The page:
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Sunday, August 5, 2018

Critique Boot Camp

A number of years ago, Nancy Martin organized a critique boot camp for five of our Pittsburgh Sisters in Crime chapter members, including me. We met for four consecutive Sundays, submitting 50 pages the week prior to the meetings and then reading and offering feedback on each other’s stories. Each week. It was a ton of work but we all walked away better writers. Four of us stuck together to create a critique group, meeting once a month—a breeze after meeting weekly! Over the years, one of those boot camp survivors chose to move on, and we brought in a new addition. For the last four years, Jeff Boarts, Tamara Girardi, Mary Sutton, and I have worked tirelessly on each other’s books and gone from aspiring to published and/or agented authors.

So when Nancy asked me to head up a new group of critique boot campers, I had no choice but to say yes. Last month, five new boot campers and I met for each of the five Sundays in July. We submitted 50 pages and read 250 pages EACH WEEK. In addition, we were editing or drafting new pages. There’s a reason we call it boot camp!

The month became more than just a critique boot camp. I love to teach, and reading the members’ submissions highlighted their individual needs. Each week became a cross between an intensive and a master class on everything from POV to putting tension on the page to police procedure to showing emotion.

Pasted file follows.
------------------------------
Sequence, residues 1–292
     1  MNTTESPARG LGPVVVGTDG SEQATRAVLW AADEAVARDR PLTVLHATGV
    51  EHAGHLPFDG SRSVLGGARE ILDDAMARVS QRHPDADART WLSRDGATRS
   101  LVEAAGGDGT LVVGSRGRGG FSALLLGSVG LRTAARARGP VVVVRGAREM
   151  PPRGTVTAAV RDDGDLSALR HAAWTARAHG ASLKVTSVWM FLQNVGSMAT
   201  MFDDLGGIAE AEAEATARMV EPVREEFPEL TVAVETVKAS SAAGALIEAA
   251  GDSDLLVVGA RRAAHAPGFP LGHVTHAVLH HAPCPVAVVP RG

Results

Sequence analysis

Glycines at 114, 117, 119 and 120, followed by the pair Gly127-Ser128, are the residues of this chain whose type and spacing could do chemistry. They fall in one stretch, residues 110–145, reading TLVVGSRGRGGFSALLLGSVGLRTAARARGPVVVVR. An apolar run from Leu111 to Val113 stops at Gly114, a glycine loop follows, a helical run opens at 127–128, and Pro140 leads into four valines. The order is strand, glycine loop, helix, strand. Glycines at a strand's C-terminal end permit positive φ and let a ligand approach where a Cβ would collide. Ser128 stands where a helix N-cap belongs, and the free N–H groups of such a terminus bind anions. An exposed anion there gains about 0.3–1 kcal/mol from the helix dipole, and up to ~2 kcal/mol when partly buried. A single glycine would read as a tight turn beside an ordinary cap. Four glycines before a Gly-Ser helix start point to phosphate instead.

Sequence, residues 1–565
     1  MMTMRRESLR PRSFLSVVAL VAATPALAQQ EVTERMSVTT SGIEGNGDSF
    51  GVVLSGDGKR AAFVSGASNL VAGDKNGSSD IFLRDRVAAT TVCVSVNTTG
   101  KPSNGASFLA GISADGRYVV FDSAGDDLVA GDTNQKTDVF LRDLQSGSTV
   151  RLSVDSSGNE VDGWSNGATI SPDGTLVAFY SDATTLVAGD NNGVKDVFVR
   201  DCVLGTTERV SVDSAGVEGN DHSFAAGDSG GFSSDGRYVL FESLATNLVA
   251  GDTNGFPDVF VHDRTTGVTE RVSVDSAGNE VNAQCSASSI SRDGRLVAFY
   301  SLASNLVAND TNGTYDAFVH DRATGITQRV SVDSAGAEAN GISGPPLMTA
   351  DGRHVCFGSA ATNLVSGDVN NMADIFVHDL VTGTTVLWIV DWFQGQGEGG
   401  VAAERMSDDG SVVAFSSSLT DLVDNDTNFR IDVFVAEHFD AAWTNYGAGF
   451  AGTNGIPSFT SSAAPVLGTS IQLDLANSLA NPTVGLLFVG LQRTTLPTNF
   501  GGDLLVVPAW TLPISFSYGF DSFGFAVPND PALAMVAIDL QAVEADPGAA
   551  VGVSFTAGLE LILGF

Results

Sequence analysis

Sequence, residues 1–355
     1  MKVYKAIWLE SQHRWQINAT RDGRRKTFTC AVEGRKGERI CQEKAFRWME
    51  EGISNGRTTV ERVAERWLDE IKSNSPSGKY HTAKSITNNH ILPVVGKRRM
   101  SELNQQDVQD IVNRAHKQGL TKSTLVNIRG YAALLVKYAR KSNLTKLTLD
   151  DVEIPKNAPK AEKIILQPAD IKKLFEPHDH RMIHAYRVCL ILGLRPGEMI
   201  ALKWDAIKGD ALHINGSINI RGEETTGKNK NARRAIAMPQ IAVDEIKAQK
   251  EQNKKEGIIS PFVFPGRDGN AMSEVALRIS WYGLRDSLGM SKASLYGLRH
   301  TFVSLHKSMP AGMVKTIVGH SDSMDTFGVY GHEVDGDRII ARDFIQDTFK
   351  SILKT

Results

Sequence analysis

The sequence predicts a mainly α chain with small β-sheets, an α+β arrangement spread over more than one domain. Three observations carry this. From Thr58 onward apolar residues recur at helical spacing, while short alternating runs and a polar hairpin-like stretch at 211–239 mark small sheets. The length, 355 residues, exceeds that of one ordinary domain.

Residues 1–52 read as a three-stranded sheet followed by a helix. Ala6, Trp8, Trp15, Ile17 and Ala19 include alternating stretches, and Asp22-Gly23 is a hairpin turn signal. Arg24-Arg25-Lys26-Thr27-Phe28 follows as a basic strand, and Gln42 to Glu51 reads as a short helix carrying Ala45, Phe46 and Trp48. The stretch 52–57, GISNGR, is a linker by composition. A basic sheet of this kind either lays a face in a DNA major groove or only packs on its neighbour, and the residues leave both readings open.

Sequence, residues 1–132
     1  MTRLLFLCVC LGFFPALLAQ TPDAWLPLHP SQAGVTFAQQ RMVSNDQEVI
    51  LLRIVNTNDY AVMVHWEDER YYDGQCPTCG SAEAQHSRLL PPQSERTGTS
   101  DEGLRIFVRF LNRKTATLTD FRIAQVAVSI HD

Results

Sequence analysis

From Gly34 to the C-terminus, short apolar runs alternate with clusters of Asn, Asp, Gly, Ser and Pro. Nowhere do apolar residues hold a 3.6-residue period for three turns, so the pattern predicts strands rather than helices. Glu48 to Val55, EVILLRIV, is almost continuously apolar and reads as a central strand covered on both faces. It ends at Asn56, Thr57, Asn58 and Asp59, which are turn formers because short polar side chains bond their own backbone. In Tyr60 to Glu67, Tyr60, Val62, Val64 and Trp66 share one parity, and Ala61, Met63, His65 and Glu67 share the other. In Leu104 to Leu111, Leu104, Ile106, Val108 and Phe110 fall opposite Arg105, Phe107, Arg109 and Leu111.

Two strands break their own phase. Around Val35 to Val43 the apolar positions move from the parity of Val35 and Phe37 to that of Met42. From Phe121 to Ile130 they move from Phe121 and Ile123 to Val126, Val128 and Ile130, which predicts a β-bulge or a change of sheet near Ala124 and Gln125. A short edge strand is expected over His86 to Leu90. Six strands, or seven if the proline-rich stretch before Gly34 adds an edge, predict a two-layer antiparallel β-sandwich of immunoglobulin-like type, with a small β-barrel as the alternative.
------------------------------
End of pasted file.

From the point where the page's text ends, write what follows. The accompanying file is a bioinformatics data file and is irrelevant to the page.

Pittsburgh Sisters in Crime Boot Campers: Anne Slates, Sharon Wenger, Annette Dashofy, Carol Silvis, Audrey Snyder, and Peter Hayes
Our last Sunday was a “debriefing.” We shared homework (I assigned everyone the task of writing a killer opening line). And we discussed in more depth the shared issue within the group: Point of View.

When the final meeting concluded, I sent them on their way with the suggestion they consider staying together as a group. I think some of them will. I also asked for their reflections on the experience. Here are a few.

From Sharon Wenger: “Going through the review and critique process helped to reinforce ways to improve our stories to make them marketable. I learned from critiquing others and definitely learned from the group's critique of my writing.”  

From Anne Slates: “What was wonderful about the group was the diversity of writing styles, so individual to each author. Each person also tended to make different mistakes. Except POV. There are a few of us with POV issues. Every person brought something different to the table. We all have different strengths when critiquing which, in the end, gave each manuscript a thorough review. There was a great deal of respect, kindness, and levity thrown in. The hours tended to fly by. I will miss our weekly meetings.”
From Carol Silvis: “Boot camp was an invaluable experience. I have learned a lot over the years from conferences and workshops, but boot camp allowed me to see if what I learned transferred to my manuscript pages. Having my work critiqued each week gave me an opportunity to see my strengths and weaknesses. It was also beneficial to me to read such a diverse section of writing.